Tyrosine phosphate in melanoma progression
Background Cellular tyrosine phosphorylation is regulated by two large families of enzymes. Protein tyrosine kinases (PTK) mediate addition, and protein tyrosine phosphatases (PTP), removal of phosphate from protein substrates. PTKs are oncogenes and PTPs have been hypothesized to function as tumour suppressor genes.
Objectives To determine changes in tyrosine phosphate and PTP activity that occur during melanoma progression.
Methods Immunohistochemistry was used to study phosphotyrosine in melanocytic lesions. In addition, PTP activity of normal melanocytes and melanoma cell lines was measured using an enzyme-linked immunosorbent assay-based system.
Results Melanocytes in normal skin and most (67%) benign naevi were not immunostained. Neither were early malignant lesions (80% of malignant melanoma in situ and radial growth phase melanomas) stained. However, most advanced melanomas (100% of vertical growth phase, and 90% of metastatic melanomas) were immunoreactive. When total PTP enzyme activity was assayed in normal melanocytes and malignant melanoma cell lines, there was a significant increase in activity associated with melanoma progression.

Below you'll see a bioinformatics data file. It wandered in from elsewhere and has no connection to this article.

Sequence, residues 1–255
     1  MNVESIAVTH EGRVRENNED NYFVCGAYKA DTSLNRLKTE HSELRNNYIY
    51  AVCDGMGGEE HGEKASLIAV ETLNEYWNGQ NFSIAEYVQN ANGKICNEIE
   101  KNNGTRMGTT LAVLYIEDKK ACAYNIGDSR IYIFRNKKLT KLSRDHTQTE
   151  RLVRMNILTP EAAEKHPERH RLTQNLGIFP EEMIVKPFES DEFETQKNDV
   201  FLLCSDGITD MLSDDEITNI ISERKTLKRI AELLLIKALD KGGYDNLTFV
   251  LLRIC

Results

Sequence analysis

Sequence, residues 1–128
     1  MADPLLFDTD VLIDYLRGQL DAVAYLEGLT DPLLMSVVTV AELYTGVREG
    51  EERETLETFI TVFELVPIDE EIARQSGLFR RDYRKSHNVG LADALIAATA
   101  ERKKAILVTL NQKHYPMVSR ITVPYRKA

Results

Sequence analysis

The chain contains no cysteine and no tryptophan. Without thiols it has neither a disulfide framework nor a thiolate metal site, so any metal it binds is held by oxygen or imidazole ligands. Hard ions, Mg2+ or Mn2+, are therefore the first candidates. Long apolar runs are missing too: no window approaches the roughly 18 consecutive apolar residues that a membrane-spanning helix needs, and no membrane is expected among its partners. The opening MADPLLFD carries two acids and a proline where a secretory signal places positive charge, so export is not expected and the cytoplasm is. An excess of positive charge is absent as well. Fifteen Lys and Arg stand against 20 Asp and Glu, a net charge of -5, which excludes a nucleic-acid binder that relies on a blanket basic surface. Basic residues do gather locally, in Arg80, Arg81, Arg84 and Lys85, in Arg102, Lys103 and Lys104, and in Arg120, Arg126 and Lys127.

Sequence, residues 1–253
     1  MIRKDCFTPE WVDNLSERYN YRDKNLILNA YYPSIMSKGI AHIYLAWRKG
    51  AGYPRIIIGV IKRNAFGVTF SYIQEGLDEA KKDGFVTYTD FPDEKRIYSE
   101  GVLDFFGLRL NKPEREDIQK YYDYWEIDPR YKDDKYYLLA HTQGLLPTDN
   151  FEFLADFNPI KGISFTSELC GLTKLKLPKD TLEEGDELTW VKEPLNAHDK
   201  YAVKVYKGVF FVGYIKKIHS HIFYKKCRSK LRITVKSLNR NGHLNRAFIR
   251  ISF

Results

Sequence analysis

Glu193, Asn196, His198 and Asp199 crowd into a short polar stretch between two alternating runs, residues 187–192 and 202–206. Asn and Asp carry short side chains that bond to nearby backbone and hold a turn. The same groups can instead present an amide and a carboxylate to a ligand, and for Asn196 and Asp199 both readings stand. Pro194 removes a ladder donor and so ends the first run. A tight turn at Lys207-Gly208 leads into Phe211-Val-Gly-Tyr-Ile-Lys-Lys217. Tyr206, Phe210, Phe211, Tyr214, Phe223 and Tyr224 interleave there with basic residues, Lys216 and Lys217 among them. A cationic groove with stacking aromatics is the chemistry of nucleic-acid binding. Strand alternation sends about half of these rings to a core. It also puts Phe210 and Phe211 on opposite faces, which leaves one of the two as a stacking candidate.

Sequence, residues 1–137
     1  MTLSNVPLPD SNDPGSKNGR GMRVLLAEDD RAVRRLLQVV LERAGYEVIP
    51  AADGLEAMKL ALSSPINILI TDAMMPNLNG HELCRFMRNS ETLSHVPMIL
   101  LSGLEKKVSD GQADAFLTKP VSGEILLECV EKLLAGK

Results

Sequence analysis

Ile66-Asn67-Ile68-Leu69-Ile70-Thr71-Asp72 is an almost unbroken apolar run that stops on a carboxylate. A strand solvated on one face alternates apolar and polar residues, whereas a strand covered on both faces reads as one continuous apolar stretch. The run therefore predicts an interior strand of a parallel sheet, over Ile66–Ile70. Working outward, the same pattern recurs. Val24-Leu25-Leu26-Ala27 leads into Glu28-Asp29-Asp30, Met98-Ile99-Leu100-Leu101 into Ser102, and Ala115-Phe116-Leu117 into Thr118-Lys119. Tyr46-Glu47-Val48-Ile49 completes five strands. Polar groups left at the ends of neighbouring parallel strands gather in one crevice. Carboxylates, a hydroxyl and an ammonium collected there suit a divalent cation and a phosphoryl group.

Conclusions Taken together, the data suggest increased phosphotyrosine signalling occurs during melanoma progression at the stage when cells first become competent for metastasis.
Document Type: Research Article
Publication date: August 1, 2003